Hope Keeps Larson's Rebuilding Effort on Course
It was like nothing Siouxland had ever seen. Until the summer of 2011, Gavins Point Dam had never released more than 70,000 cubic feet of water per second, KTIV-TV, Sioux City, Iowa, reported.
By late May, releases were expected to reach 110,000 to 120,000 cfs. Even those estimates fell short.
On June 23, the dam reached an astounding peak of 160,000 cfs, enough to fill more than 2 million, 2-liter soda bottles every second.
That water ended up drowning an RV and trailer community called Larson's Landing, near Yankton, S.D.
Folks made it out OK, but many of their summer homes were lost.
Larry Steinbrecher has set up camp in Larson's Landing near Yankton, South Dakota, for three years now.
Last summer's record flooding destroyed more than just his campsite. "For myself, it was just an unmanageable," he said.
Sandbags were set up to keep the current from sweeping away the river bank. They're still there.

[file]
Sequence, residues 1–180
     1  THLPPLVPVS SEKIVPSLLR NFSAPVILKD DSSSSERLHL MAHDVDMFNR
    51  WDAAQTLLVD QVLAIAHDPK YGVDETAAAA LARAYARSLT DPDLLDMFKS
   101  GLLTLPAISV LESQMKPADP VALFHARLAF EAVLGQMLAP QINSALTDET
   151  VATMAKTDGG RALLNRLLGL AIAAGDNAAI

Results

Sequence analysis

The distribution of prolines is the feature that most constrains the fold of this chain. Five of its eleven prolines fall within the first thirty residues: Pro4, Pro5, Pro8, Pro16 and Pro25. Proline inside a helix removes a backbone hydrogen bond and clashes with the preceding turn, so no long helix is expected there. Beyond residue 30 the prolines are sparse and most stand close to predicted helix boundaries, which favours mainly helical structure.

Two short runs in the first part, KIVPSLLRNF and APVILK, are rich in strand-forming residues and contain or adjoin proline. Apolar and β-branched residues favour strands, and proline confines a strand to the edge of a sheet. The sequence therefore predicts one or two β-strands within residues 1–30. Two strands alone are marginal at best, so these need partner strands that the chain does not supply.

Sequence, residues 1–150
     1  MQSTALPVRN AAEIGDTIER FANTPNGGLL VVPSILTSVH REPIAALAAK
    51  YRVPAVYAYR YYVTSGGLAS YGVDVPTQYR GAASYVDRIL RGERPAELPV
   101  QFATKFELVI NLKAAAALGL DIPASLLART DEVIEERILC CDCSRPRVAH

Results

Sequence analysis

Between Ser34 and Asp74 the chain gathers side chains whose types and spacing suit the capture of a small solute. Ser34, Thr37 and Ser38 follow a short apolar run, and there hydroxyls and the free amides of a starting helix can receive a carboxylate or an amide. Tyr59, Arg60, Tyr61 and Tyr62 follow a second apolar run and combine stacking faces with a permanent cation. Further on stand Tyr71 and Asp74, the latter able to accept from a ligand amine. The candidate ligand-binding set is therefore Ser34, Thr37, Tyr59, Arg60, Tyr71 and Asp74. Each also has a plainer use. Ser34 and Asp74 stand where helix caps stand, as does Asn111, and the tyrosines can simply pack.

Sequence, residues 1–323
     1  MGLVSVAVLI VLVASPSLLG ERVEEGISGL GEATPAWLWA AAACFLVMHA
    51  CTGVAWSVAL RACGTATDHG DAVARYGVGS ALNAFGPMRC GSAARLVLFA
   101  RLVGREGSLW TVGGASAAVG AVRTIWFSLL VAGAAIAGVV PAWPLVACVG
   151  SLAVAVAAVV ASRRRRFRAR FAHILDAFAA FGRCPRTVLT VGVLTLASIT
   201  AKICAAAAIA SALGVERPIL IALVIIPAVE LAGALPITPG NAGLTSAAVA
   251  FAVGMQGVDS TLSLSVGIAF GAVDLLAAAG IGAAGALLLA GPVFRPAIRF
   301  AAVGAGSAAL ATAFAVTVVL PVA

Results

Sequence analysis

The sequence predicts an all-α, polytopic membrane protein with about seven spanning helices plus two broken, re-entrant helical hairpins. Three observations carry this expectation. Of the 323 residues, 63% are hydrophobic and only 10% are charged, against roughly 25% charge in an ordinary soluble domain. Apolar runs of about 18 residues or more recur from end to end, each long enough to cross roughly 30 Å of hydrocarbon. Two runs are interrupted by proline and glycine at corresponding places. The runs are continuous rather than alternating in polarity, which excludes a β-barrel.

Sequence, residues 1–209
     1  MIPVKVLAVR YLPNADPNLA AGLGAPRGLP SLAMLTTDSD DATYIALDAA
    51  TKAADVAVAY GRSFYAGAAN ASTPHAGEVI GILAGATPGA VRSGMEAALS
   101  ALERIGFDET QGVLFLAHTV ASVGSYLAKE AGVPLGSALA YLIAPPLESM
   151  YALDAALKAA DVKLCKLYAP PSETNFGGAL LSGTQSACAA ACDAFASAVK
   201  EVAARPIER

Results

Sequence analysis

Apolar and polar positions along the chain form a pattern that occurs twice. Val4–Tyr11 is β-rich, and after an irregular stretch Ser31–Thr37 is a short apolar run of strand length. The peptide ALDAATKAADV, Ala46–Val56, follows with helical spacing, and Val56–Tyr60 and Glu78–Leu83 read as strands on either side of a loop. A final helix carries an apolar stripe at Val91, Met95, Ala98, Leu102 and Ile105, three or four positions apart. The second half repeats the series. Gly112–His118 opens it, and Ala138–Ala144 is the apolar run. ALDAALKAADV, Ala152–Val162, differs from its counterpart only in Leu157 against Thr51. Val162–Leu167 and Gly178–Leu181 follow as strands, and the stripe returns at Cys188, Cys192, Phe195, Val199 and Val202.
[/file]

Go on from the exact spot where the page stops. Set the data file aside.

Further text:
Owner Doug Larson said they may have saved part of the land. But when the water receded, he didn't even know where to begin.
"There was so much debris and junk and it was really just disheartening to look at it all," said Larson.
Last year, when Steinbrecher heard about the possibility of flood waters moving in, he had moved everything out.
"We had trailers and trucks and all kinds of stuff, packed out. When we left there was nothing on our property except for sand," said Steinbrecher.
The Steinbrechers were one of the first families to move back in after the waters receded. Now, like many other residents, Steinbrecher spends most of his days clearing the shoreline and grinding up stumps and driftwood.
"We have the second shot at doing stuff," said Steinbrecher. "So, when we came back we really had a chance to improve on our site."
While waters knocked out a large portion of the beach at Larson's Landing, including a section that used to be a volleyball court, the Larsons are confident that they'll be able to rebuild, even if it takes some time.
That hope is what keeps Larson going.
"If it wasn't for that," said Larson. "Linda and I would have jumped in the river a long time ago."
Doug Larson hopes to have 30 new pads ready for residents by the Fourth of July.